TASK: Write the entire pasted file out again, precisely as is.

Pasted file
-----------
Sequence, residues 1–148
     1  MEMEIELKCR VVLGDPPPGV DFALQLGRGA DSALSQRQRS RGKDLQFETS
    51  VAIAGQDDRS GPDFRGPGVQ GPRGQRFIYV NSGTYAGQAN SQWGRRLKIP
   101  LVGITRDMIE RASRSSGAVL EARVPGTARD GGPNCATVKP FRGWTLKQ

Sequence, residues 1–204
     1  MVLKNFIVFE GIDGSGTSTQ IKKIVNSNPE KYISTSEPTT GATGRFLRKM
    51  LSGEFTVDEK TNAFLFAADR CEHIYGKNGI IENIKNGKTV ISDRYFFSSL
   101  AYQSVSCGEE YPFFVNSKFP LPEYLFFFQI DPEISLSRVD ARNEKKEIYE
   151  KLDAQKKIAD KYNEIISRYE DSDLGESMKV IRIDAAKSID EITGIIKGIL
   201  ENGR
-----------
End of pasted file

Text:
Sequence, residues 1–148
     1  MEMEIELKCR VVLGDPPPGV DFALQLGRGA DSALSQRQRS RGKDLQFETS
    51  VAIAGQDDRS GPDFRGPGVQ GPRGQRFIYV NSGTYAGQAN SQWGRRLKIP
   101  LVGITRDMIE RASRSSGAVL EARVPGTARD GGPNCATVKP FRGWTLKQ

Sequence, residues 1–204
     1  MVLKNFIVFE GIDGSGTSTQ IKKIVNSNPE KYISTSEPTT GATGRFLRKM
    51  LSGEFTVDEK TNAFLFAADR CEHIYGKNGI IENIKNGKTV ISDRYFFSSL
   101  AYQSVSCGEE YPFFVNSKFP LPEYLFFFQI DPEISLSRVD ARNEKKEIYE
   151  KLDAQKKIAD KYNEIISRYE DSDLGESMKV IRIDAAKSID EITGIIKGIL
   201  ENGR